The sociodemographic characteristics of the patients are shown in [Table 1]. The highest frequency of elective abdominal hysterectomy was found among 40–49 years of age group (48.7%) and those that are primipara/multipara (58.9%). The rate of elective abdominal hysterectomy was 39.9% and 53.8% among those with primary school education and homemakers, respectively.
Table 1: Sociodemographic variables of patients who had hysterectomy (n=158)

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The most common indication for elective abdominal hysterectomy in this study was uterine fibroid (51.8%) while the least was chronic pelvic pain (0.6%) [Table 2].
Table 2: Indications for abdominal hysterectomy (n=158)

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TAH accounted for 93.0% of cases, while subtotal hysterectomy for 7.0% [Table 3].
Table 3: Types of abdominal hysterectomy (n=158)

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Postoperative pyrexia (45.9%) was the most common complication, followed by wound infection (18.9%) and intraoperative hemorrhage (12.9%). Ureteric injuries (2.4%) were the least [Table 4].
Table 4: Postoperative complications among patients who had abdominal hysterectomy (n=85)

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Length of hospital stay was 6–10 days in 89.2% of cases, 7.6% stayed 11–15 days, and 1.3% stayed for more than 16 days [Table 5]. There was no mortality recorded during the period under review.
Table 5: Length of hospital stay of patients who had elective abdominal hysterectomy (n=158)

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  Discussion Top


The rate of elective abdominal hysterectomy in this study was 3.3% which was lower than the 10.0% reported by Omokanye et al. in Ilorin,[6] and 18.2% reported by Anzaku and Musa in Jos.[26] This is partly attributed to the general aversion to hysterectomy in the northern part of Nigeria, especially in Kano.[8] Poor understanding of its benefits especially in the prevention of cervical cancer and the recurrence of uterine fibroids might have contributed to the low rate.

Elective abdominal hysterectomy is the most common among 40–49 years age group, and this is similar to the experience from other centers.[3],[5],[6] This group of women (40-49 years) are more likely multiparous and have completed their family size, hence the need for elective abdominal hysterectomy. Majority of the women were of parity 1–4; 93 (58.9%) grand multiparous constituted 38.6%. This could be attributed to the fact that women that had children will likely give consent to removal of their uterus while nulliparous women will likely want to retain their uterus even in the face of advanced pathology with the hope of bearing children in the future.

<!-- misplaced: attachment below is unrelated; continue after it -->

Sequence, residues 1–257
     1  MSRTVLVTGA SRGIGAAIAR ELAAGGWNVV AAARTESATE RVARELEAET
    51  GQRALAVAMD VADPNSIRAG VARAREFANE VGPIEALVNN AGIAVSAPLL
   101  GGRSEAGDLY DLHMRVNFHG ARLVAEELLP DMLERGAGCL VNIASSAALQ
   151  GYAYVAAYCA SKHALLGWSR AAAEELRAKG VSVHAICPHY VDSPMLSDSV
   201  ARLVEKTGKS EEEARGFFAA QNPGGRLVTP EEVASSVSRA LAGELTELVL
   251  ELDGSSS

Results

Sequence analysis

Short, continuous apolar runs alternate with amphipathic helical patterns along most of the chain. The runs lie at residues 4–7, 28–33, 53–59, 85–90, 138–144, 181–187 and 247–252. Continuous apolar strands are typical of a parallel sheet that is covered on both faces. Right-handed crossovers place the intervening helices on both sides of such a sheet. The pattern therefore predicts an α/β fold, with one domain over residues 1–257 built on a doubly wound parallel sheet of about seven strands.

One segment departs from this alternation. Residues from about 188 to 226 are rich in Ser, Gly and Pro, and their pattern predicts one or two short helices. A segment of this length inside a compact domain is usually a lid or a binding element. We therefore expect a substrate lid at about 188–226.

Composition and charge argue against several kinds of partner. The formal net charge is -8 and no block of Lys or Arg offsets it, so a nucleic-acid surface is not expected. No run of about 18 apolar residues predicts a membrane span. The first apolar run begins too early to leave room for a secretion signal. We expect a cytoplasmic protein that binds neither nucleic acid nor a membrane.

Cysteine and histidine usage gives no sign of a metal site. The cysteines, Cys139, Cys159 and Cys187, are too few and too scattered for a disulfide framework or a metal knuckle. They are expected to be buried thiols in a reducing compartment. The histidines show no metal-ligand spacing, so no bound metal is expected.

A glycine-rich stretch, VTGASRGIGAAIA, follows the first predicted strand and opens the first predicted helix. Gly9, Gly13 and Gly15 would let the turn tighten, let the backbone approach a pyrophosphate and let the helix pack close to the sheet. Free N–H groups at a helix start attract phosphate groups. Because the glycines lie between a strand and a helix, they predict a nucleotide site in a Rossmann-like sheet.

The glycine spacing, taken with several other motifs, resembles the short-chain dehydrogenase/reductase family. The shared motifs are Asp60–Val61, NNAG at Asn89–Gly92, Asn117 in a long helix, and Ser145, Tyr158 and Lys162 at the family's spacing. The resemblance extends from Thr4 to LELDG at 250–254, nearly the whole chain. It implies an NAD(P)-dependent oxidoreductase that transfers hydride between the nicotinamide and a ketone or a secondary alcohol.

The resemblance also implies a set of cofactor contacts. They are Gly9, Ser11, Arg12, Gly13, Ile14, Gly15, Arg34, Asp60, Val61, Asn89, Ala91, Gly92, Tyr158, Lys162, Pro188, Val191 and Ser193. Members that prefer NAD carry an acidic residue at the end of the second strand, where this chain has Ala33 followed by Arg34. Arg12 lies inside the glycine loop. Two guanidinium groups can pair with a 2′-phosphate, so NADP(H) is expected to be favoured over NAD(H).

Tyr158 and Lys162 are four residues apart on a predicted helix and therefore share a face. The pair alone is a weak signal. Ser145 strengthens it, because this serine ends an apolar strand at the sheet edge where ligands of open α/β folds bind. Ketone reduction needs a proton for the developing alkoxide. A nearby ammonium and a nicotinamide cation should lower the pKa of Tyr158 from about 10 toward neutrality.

The most common indication for elective abdominal hysterectomy in this study was symptomatic uterine fibroid. This was the finding in similar studies from other centers.[3],[5],[6] This may probably be because uterine fibroid is the most common benign genital tract tumor among women of African and Caribbean origin.[8] The indications for hysterectomy in nulliparous women in this study were mainly uncontrollable hemorrhage during attempt at myomectomy and endometrial hyperplasia.

TAH was the most frequently performed operation. This is in keeping with findings from other centers.[3],[10] This is because subtotal hysterectomy is not favored except at cesarean hysterectomy, and also, it is unpopular in our environment because of the risk of cancer of the cervical stump. However, subtotal hysterectomy was done for 11 patients (7.0%). This was due to uncontrollable hemorrhage during myomectomy or dense adhesions in the pelvis.

Majority of the elective abdominal hysterectomy was performed by consultants probably because all the cases were elective.

Postoperative pyrexia was the most common morbidity in this study; this is consistent with findings from other centers.[15],[17] Wound infection was probably due to poor aseptic conditions that prevail in developing countries.[8] In this review, there were two cases (2.4%) of ureteric injuries. Although these cases were managed successfully, it is recommended that ureters are properly delineated, and in difficult cases, stenting by the urologist before surgery. There was no mortality associated with hysterectomy during the years under review.

Length of stay in the hospital was 6–10 days in majority of the patients, which agrees with the findings of Omokanye et al.[6] The 1.3% of cases who stayed beyond 16 days was as a result of complications related to surgery or the initial pathology they had.


  Conclusion Top


Elective abdominal hysterectomy is a fairly common and safe procedure in AKTH. Uterine fibroid was the most common indication for the procedure while postoperative pyrexia was the most frequent complication of the procedure. TAH was commonly performed compared to subtotal hysterectomy.